2 CEREBRAL PALSY AND CLINICAL NEGLIGENCE 7 legal claims differ from those who were not the subject of claims? How available were the data needed to assess whether essential and other criteria were met? To what extent do the criteria identify cerebral palsy cases that have been judged by the civil legal process more likely than not to have been caused by preventable intrapartum injury? Using a population register of children with cerebral palsy and a database maintained by the Legal Services Department (formerly for the Health Authority and now for the NHS Trust), we have compared the frequency of sociodemographic and perinatal factors, including the essential and other factors outlined in the consensus statement in children with cerebral palsy who: (a) have and have not been the subjects of claims; (b) have been the subject of successful claims and those who have been the subject of unsuccessful claims. METHODS Children with cerebral palsy were identified from the Oxford Register of Early Childhood Impairment (ORECI). The register includes information on all children with cerebral palsy born to mothers resident within the Oxfordshire health district. It is compiled from many sources and, in general, the children are included as cases on the register at the age of five years 8. Children who die with clear signs of cerebral palsy between one and five years are also included. The cohort for this study included all singletons on the register born between 1984 and Those with cerebral palsy resulting from a well-defined post neonatal insult were excluded. This cohort was divided into two groups: 1. Children with cerebral palsy who were a subject of a clinical negligence claim. Parents of children with cerebral palsy who sought legal advice were identified from the Oxford Radcliffe Hospital NHS Legal Services Department database. This database lists all potential and actual litigants against the former health authority or its staff. Potential Claimants are identified when a solicitor requests sight of a client s notes. Data on the progress of each action are maintained. Information on litigation commenced, in progress, or completed was collected in December 2000, a minimum of seven years and a maximum of 16 years after the birth of the baby. Cases were defined as settled if damages had been paid to the Claimant or if judgement had been entered against the Health Authority. Cases that were active in the previous 18 months were considered pending and discontinued if the Claimant s solicitor had given notice of discontinuance. During the period of the study, there were no instances of cases going as far as a trial and then being successfully defended by the Health Authority, but discontinuance of claim might be considered equivalent. 2. Children with cerebral palsy who were not a subject of a legal claim. Children included in the cohort where no legal claim has been made up to December Available details of medical and social history were extracted from the medical records and entered onto a standardised datasheet. This study was part of a larger case control study in which every effort was made to blind those abstracting the medical records. The medical records of those children currently the subjects of litigation were only accessible in the Legal Services Department, however, and blinding was achieved by interspersing medical records from controls (gestational age-matched mothers whose children were unaffected by cerebral palsy) with those that were of children who were the subject of claims, prior to inspection of the records. Definitions for each variable were defined in advance (Table 1). Data were double entered into a database. The type of cerebral palsy was derived from the ORECI database. Ethics committee permission was obtained for the original study. Univariate analysis was performed using a t test for continuous variables and m 2 for categorical variables. Where an expected cell value was less than five, P values were based on Fisher s exact test. Analysis was performed by computer using SPSS (Chicago, Illinois). RESULTS Between 1984 and 1993, there were 143 singleton babies who developed cerebral palsy born to residents in the Oxfordshire Health Authority. Of these 138 were delivered in the hospitals now covered by the Oxford Radcliffe NHS Trust legal services database. Five were delivered elsewhere. Notes were located in all eligible cases. Legal action was considered in 27 (19.6%). Of these, 12 (44.4%) were discontinued, 7 are pending and 8 have been settled in favour of the Claimant. All legal claims related to alleged negligence in the intrapartum period. Comparing these 27 children who were the subject of a claim, with 111 who were not, litigation was less frequent in those born preterm and more frequent in recent birth years (Table 2). There was a trend towards increasing risk of litigation in primigravidae and the socially disadvantaged, but other antenatal risk factors for legal action could not be identified. Maternal age was not different in the claim and the no-claim group. Data were available on fetal or neonatal acid base status on 78 of 138 (56.5%) subjects, 18/27 (66.7%) of claims group and 60/111 (54.1%) of non-claims group: Information was available on neonatal neurological status on all 93 children who were 34 weeks at birth; and the type of cerebral palsy was known for all children. The three factors considered essential to support an intrapartum hypoxia origin were all more frequent where litigation had been instigated, as was the cluster of the three essential criteria together.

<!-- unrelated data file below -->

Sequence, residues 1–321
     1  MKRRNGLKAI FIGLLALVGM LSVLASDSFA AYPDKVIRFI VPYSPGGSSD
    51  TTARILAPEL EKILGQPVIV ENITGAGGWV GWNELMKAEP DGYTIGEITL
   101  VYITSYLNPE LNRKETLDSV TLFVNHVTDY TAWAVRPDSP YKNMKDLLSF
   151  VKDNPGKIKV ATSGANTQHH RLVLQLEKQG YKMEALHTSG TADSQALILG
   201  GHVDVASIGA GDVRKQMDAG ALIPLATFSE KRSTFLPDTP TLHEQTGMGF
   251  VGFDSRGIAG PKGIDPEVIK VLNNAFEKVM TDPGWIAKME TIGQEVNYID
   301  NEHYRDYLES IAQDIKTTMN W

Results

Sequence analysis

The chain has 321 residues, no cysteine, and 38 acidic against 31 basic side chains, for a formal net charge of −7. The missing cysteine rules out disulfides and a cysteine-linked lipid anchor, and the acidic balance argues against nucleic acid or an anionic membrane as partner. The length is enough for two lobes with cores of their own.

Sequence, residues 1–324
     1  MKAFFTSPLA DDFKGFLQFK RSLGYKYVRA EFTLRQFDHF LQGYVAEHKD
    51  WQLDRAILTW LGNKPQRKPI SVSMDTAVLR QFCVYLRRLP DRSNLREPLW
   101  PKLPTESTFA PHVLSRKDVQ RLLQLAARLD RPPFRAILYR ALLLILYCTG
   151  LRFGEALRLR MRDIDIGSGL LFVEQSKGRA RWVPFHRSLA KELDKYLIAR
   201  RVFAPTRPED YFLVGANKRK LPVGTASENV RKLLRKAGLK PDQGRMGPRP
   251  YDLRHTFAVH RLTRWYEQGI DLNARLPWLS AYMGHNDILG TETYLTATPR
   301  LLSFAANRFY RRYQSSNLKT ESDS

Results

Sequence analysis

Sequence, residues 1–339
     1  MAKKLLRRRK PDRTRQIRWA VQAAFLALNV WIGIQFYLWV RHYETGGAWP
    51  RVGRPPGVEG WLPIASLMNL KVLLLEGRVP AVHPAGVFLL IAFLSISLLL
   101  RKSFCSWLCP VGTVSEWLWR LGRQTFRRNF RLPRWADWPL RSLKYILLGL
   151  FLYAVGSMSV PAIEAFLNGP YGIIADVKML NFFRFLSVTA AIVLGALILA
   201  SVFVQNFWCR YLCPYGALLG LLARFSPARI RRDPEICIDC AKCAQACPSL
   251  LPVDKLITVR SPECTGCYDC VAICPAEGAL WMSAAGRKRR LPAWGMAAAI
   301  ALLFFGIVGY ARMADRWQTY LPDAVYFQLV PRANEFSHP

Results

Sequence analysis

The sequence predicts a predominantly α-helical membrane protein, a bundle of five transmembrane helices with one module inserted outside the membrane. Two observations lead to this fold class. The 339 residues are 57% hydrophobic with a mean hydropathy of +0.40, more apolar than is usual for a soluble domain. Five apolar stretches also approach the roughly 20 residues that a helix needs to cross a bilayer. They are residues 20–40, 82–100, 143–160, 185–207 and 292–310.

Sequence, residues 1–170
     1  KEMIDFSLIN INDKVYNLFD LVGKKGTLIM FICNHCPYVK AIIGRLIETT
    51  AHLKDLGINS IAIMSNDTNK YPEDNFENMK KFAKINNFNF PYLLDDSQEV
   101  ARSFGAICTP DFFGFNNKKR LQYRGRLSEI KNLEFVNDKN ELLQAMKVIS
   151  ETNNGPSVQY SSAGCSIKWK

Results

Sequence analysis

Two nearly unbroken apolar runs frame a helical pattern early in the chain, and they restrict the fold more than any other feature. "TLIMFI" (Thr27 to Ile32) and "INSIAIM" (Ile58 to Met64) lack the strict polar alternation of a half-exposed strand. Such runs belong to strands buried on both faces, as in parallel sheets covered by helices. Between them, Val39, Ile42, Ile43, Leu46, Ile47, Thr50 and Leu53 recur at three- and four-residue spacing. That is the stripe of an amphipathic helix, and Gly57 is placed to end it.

3 8 C. GREENWOOD ET AL. Table 1. A comparison of the definitions used in the consensus document and the variables as defined in this study. Template definition Variable as defined in this study Essential consensus criteria 1. Evidence of a metabolic acidosis in intrapartum fetal umbilical arterial cord, or very Included only if cord blood was taken or neonatal early neonatal blood samples (ph <7.00 and base deficit 12 mmol/l). blood was taken in the first hour of life. 2. Early onset of severe or moderate neonatal encephalopathy Evidence of moderate or severe neonatal encephalopathy in infants of 34 weeks of gestation. recorded in neonatal notes in the first 24 hours of life. 3. Cerebral palsy of spastic quadriplegic or dyskinetic type. Taken from reporting of paediatricians assessment to the ORECI database. Additional non-specific criteria 4. A sentinel (signal) hypoxia event occurring immediately before or during labour. Intrapartum abruption or cord prolapse or uterine rupture. 5. A sudden rapid and sustained deterioration of the fetal heart rate pattern usually after the hypoxic sentinel event where the pattern was previously normal. Electronic fetal monitoring deterioration to ominous using the Dublin criteria Apgar scores of 0 6 for longer than 5 minutes. Apgar at 5 minutes recorded as 6 or less. 7. Early evidence of multisystem involvement. Evidence of renal failure (creatinine > 100 mg/l) in first week of life. 8. Early imaging evidence of acute cerebral abnormality. CT scan performed within first week of life and abnormal. Overall, 11 of 93 (11.8%) cerebral palsy children (34 weeks of gestation) fulfilled all three essential criteria for intrapartum hypoxia and seven (63.6%) of these children were the subject of claims. In 20/27 (74.1%) of all claims, at least one of the three essential criteria was not fulfilled, although there was only one case in the claims group where none of the essential criteria were present, and this child had cerebral palsy caused by an early prenatal lesion. Table 2. Socio-demographic and perinatal factors among children with cerebral palsy comparing those with and without legal claims. Values are given as mean [SD], n/n (%), P (95% CI) and RR (95% CI). All singleton cerebral palsy (N ¼ 138) Legal claim (N ¼ 27) No claim (N ¼ 111) Difference Gestational age (weeks) 35.4 [5.1] 38.1 [3.4] 34.8 [5.3] 3.4 ( 5.5 to 1.3) 34 weeks gestation 46/138 (36.2) 3/27 (14.8) 43/111 (41.4) 0.2 (<0.1 to 0.7) Year of birth (47.1) 9 (33.3) 56 (50.5) (52.9) 18 (66.7) 55 (49.5) 0.5 (0.2 to 1.2) Primigravida 76/138 (55.1) 19/27 (70.4) 57/111 (51.4) 2.3 (0.9 to 5.6) Maternal age (years) 26.7 [5.7] 26.8 [5.9] 26.6 [5.7] 0.2 ( 2.3 to þ2.6) Father s profession: unskilled/unemployed 32/121 (26.4) 4/23 (17.4) 28/98 (28.6) 0.5 (0.2 to 1.8) or mother unsupported Previous infertility 9/136 (6.6) 1/27 (3.7) 8/109 (7.3) 0.5 (0.1 to 4.1) Pre-eclampsia 17/138 (12.3) 2/27 (7.4) 15/111 (13.5) 0.5 (0.1 to 2.4) Cerebral palsy of early prenatal cause 25/138 (18.1) 2/27 (7.4) 23/111 (20.7) 0.3 (0.1 to 1.3) Essential criteria Cord arterial ph <7.0 and BE >12 mmol 24/78 (30.7) 10/18 (56.6) 14/60 (23.3) 4.1 (1.4 to 12.4) Early-onset neonatal encephalopathy 23/93 (24.7) 12/24 (50.0) 11/69 (15.9) 5.3 (1.7 to 16.8) (infants born at 34 weeks of gestation) Either spastic quadriplegic or dyskinetic cerebral palsy 59/138 (25.9) 18/27 (66.7) 41/111 (36.9) 3.4 (1.4 to 8.3) All three consensus criteria fulfilled 11/93 (11.8) 7/24 (25.9) 4/69 (7.3) 6.7 (1.5 to 34.1) No consensus criterion met 21/138 (15.2) 1/27 (3.7) 20/111 (18.0) 0.2 (<0.1 to 1.4) Non-specific criteria* Sentinel intrapartum event 14/138 (10.1) 3/27 (11.1) 11/111 (9.1) 1.2 (0.3 to 4.5) Abruption Cord prolapse Uterine rupture CTG deterioration to ominous 43/87 (49.4) 15/23 (65.2) 28/64 (43.8) 2.4 (0.9 to 6.5) Apgar at 5 minutes <7 29/137 (21.1) 12/27 (44.4) 17/110 (15.5) 4.4 (1.6 to 12.1) Renal failure 17/123 (13.8) 8/26 (30.8) 9/97 (9.3) 4.3 (1.4 to 12.7) Neonatal CT scan abnormality 34/42 (81.0) 12/13(92.3) 22/29 (75.9) 3.8 (0.4 to 186.2) * Denominations relate to the number of assessments/investigations done.